Plus, The Diplomat basically copies this entire plot from The Terminal List. In that series, Chris Pratt’s protagonist, James Reece — who believes the ambush of his fellow Navy SEALs and murder of his family were organized by Iran — decides to hunt down and kill those responsible, then realizes he was deceived by an ally who knew Reece’s time stationed in Syria means he would accept Iranians as villains. If The Diplomat isn’t even going to be creative in its xenophobia, what’s the point?


Using brown people’s pain for the character development of others

Basically every American-made movie or TV series about the wars in Afghanistan and Iraq uses the framing of “we’re traumatized because we were forced to kill innocent men, women, and children,” from Causeway and The Card Counter to The Punisher and the second season of True Detective. That approach generally avoids portraying the brown people injured, displaced, tortured, or killed as onscreen characters, and so they effectively become anonymous victims in service of deepening and developing the people who invaded their countries.

The Diplomat presents Kate and her colleagues in the CIA as uniformly defensive regarding the wars, misled into believing the “Iraqi weapons of mass destruction” lie (which millions of protesters around the world objected to at the time) and failing to get all their Afghan allies out of the country before the U.S. withdrew — but not awful enough that they stopped working for the American government. They believed in America, and what’s wrong with that? (This is where Cahn’s time on The West Wing feels most obvious.)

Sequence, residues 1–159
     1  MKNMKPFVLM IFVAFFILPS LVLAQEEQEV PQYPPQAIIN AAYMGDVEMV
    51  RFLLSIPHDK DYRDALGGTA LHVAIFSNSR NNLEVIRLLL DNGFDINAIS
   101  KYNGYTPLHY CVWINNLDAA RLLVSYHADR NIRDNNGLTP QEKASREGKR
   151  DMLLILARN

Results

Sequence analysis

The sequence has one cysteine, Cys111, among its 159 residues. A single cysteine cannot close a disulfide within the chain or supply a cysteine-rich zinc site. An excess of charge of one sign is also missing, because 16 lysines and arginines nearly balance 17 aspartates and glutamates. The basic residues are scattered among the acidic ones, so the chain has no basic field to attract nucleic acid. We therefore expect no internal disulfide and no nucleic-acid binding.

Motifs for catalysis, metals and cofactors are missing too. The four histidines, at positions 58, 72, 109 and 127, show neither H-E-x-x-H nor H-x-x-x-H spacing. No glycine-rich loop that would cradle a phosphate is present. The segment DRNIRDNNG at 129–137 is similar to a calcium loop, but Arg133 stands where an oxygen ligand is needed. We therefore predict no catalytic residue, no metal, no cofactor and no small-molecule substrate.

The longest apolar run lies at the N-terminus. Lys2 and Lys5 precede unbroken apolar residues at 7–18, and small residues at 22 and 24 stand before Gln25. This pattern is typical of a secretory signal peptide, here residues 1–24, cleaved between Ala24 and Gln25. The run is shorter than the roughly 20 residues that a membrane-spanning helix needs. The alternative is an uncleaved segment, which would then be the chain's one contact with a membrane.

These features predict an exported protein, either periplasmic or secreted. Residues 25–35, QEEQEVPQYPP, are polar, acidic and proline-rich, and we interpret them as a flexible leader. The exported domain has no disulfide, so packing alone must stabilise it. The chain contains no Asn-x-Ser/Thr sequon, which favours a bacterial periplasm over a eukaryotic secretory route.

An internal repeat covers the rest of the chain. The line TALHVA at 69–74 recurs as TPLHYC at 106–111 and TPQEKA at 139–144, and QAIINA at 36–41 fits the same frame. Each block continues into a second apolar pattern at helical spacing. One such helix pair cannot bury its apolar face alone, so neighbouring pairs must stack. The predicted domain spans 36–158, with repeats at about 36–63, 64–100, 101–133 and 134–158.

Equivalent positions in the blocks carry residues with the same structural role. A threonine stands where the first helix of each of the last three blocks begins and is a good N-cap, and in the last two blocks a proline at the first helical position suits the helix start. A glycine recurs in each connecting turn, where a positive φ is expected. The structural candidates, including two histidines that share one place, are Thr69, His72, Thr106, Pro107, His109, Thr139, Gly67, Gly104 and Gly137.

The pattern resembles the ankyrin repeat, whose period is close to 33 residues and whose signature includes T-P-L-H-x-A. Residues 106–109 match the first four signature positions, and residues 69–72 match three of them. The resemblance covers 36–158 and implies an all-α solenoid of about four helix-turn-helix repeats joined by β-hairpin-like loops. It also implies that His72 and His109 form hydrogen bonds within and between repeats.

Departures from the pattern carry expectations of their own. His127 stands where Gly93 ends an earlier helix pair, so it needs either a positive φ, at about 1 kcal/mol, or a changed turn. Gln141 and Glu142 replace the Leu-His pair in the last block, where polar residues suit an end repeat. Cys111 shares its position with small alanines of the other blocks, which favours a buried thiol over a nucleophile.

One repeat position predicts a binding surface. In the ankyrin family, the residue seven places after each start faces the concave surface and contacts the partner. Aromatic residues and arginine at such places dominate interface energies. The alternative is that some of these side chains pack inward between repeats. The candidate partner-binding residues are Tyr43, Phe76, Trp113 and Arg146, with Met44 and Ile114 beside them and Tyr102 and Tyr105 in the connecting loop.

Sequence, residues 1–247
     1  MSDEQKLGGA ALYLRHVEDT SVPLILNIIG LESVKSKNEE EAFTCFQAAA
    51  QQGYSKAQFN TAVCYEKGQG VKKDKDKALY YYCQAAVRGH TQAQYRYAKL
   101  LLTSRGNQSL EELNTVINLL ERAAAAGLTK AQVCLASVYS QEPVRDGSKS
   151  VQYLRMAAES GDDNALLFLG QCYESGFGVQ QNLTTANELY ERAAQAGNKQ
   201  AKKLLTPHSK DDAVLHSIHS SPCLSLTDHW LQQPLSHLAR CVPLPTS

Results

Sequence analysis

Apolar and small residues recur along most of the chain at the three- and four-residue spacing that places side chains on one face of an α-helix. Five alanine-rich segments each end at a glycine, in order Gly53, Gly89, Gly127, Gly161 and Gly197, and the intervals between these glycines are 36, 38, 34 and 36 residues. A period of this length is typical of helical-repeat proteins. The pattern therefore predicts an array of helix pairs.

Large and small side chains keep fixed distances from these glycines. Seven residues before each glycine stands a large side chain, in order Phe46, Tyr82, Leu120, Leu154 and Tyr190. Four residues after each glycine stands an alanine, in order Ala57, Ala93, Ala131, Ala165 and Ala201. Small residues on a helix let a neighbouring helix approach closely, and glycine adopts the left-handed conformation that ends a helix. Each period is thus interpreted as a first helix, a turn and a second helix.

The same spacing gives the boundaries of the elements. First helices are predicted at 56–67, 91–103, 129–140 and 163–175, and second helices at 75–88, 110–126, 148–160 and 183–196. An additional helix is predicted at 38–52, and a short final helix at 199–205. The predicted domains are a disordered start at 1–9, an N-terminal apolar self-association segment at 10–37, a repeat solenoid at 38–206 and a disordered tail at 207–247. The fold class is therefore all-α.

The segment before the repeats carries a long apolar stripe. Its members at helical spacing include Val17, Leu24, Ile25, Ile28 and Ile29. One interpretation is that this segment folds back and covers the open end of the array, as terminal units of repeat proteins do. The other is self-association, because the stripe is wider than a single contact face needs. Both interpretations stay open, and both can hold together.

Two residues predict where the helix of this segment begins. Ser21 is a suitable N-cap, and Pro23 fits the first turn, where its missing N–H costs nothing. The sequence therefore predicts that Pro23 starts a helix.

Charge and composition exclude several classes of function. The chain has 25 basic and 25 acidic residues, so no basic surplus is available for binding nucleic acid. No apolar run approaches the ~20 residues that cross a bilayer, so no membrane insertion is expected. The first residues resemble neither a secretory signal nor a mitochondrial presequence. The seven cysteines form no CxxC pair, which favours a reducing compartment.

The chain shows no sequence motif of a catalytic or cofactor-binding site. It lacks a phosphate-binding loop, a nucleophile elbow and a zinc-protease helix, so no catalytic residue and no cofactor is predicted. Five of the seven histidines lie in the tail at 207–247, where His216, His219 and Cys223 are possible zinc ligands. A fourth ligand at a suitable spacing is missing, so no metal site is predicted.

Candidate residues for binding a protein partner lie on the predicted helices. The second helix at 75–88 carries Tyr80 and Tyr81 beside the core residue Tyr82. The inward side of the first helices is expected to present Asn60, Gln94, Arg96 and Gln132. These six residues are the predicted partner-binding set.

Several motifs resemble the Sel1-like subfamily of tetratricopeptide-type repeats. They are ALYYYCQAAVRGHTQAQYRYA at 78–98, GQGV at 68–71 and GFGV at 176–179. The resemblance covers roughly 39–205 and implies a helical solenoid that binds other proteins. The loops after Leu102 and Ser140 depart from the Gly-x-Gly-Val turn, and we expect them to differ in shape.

Maybe all this contrition would feel genuine if The Diplomat made space in its story for some — even one — of the millions of Middle Eastern people affected by the post-9/11 wars. In one scene, Kate eats pastries in bed in her underwear, lamenting about missing calls from one of the Afghan women she worked alongside who’s now stuck under Taliban rule. It makes her feel “like everyone else” who “dumped … every democracy-oriented Afghan throughout time.” Uh, maybe start by actually calling back the woman you abandoned in a war-torn country? Instead, the U.K.’s foreign secretary and Kate’s new love interest, Austin Dennison (David Gyasi), tells Kate that she’s “a decent person at a time when decency has lost its hold on the public imagination.”